The overall news was positive as Scarsdale Schools released its third grade through high school testing data from 2022 on Tuesday, Oct. 25, and presented it the next night during an education report.
“The interpretation of these snapshot measures, which lead to generalizations about schools, grades and instruction is misguided,” said Assistant Superintendent for Curriculum, Instruction, and Assessment Dr. Edgar McIntosh. “We are reassured that our students continue to demonstrate high proficiency despite the mitigations from the last two years; that is certainly not the case in many places throughout the country and the nation.”
Most of the questions asked by board of education members were punted until two upcoming presentations, which are expected to be comprehensive and either answer those questions or provide a better forum for discussion.
With third grade math and ELA state test scores overall similar to pre-pandemic times — perhaps a sign that major learning loss did not take place in the district as it has for others during COVID-19 — the questions focused more on college admissions and the resurfaced debate over Advanced Topics vs. Advanced Placement exams.
High school counseling department chair Oren Iosepovici will lead “The Evolving College Admissions Landscape: Trends and Thoughts from the SHS Counseling Department,” a forum for parents on Dec. 5, which will include a Q&A period, while AT/AP will be part of a presentation at a board meeting on May 22, 2023.
Prior to the education report, school board president Amber Yusuf said, “As a board we create policy with the intention of supporting the mission and vision of Scarsdale Schools. These reports inform and educate both the board and the community about how this vision is operationalized and brought to life on behalf of all of our students.”
Interim superintendent Dr. Drew Patrick said, “As a reminder we differentiate education reports from our business meeting in order to place a sharper focus on our core mission of teaching and learning. This year’s education reports are organized more thematically than in the past and are designed to help articulate our priorities for teaching and learning, and also to illustrate how our approaches to the work are visible across programs, disciplines and levels of education.”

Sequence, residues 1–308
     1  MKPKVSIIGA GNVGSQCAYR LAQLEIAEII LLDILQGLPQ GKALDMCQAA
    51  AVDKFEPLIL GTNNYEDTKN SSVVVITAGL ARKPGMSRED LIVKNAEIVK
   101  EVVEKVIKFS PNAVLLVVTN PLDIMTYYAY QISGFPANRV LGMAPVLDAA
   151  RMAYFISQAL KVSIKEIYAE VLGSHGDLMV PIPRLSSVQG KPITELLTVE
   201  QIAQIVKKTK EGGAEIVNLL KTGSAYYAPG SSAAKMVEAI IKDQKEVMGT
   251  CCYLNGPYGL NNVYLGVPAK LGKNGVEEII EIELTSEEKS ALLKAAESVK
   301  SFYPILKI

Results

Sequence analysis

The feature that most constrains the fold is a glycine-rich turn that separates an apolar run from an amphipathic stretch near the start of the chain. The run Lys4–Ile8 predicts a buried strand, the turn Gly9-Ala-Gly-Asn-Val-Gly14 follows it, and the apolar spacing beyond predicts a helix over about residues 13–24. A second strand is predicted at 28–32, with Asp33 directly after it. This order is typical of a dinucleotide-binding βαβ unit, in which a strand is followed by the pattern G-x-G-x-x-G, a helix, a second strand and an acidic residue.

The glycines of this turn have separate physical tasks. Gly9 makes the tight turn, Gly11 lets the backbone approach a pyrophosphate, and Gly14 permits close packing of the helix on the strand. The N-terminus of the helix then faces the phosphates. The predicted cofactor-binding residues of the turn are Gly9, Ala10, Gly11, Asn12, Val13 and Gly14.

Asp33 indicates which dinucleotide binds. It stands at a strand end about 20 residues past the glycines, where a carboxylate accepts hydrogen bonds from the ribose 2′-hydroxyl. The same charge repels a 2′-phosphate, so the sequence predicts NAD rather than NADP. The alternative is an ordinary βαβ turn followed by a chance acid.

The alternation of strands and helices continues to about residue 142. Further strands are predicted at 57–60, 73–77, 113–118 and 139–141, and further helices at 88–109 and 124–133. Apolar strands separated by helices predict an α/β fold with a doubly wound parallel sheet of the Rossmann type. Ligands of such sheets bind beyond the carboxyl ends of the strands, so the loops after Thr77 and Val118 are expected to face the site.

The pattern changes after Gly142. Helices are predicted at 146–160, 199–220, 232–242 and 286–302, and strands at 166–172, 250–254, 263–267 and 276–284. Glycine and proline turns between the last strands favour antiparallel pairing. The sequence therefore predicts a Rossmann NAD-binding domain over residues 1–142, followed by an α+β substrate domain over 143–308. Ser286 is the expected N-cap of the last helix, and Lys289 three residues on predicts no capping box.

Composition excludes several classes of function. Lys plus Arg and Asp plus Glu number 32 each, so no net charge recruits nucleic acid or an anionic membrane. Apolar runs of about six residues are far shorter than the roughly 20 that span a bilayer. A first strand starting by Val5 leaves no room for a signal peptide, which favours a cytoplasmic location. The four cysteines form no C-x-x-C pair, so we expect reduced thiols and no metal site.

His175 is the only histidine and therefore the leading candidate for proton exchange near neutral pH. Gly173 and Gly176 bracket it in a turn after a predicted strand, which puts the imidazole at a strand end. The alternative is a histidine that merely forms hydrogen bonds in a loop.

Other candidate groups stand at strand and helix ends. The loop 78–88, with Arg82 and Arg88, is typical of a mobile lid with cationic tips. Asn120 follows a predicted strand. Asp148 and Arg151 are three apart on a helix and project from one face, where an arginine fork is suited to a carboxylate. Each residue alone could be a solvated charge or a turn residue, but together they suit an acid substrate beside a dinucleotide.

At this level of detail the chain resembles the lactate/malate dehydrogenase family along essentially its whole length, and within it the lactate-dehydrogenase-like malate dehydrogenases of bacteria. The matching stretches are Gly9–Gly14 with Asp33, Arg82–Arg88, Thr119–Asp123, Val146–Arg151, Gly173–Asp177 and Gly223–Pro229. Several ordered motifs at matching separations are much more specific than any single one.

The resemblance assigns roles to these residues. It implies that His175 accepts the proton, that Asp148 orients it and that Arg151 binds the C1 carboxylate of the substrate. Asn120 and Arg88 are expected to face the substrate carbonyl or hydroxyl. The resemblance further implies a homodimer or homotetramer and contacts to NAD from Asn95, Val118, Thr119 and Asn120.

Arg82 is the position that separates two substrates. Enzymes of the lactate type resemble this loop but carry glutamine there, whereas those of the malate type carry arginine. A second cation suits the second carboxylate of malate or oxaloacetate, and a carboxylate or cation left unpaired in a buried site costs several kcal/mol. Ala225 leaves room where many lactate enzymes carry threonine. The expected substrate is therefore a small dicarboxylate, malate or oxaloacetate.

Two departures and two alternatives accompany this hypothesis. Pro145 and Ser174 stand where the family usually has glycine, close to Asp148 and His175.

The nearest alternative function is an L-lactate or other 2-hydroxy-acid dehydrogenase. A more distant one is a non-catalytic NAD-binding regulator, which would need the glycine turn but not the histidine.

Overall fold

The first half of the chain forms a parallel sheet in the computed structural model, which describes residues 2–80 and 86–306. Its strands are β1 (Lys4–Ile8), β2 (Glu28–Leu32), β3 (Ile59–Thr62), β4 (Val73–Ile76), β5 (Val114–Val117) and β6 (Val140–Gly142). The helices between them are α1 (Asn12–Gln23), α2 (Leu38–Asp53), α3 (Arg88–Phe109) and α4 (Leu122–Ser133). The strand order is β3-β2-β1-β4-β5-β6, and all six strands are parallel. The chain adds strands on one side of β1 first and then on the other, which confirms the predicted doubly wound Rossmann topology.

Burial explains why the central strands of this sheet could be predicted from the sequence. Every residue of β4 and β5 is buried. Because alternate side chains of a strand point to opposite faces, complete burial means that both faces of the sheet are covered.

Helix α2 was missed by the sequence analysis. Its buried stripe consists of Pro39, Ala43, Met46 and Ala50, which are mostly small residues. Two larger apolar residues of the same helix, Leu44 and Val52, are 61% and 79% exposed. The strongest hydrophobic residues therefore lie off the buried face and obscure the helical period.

McIntosh prefaced his run-through of the numbers by calling the tests a “relatively narrow band of academic measures that are either mandated by the state or preferred by colleges and universities.”
“These moment-in-time assessments are important, but they do not explain the fullness of any child’s experience, any educator’s capacity, any school’s performance or any district standing,” McIntosh said. “The stories of the growth and achievement that our students demonstrate are individual and nuanced and could not and should not be reduced to a single score.”
That doesn’t mean the educators ignore the results. They just want people to “resist drawing sweeping conclusions from this information, however tempting it might be.”
“What will be evident is that Scarsdale continues to maintain and demonstrate high levels of achievement through several standardized means consistent with previous years,” McIntosh said. He added, “We are aware that our students have been impacted in areas that cannot be assessed using the highlighted evaluation tools.”
There were no state tests in 2020 due to the pandemic and the 2021 tests that took place don’t offer reliable data, so the 2022 results are compared to 2019 and earlier years.
McIntosh started with college data that shows 61% of students in 2022 were accepted into Barron’s most competitive colleges and universities, as compared to 63% in 2021, 67% in 2020, but above the 59% from 2017.
Median total SAT scores have ranged from 1337 to 1397 from 2017-22, with 1374 in 2022. National averages are under 1100. The tests had undergone a change in 2017, so previous data isn’t comparable. Scarsdale students performed well on ACTs, with 89% meeting the standards for all four exams (college English composition, college algebra, college social studies and college biology), and well above state comparisons (55%).
Compared to comparable districts (Chappaqua, Bronxville, Byram Hills, Edgemont, Blind Brook, Great Neck South and Great Neck North), Scarsdale had higher SAT and ACT scores. “In 2022, Scarsdale continues to be a leader in the region,” McIntosh said.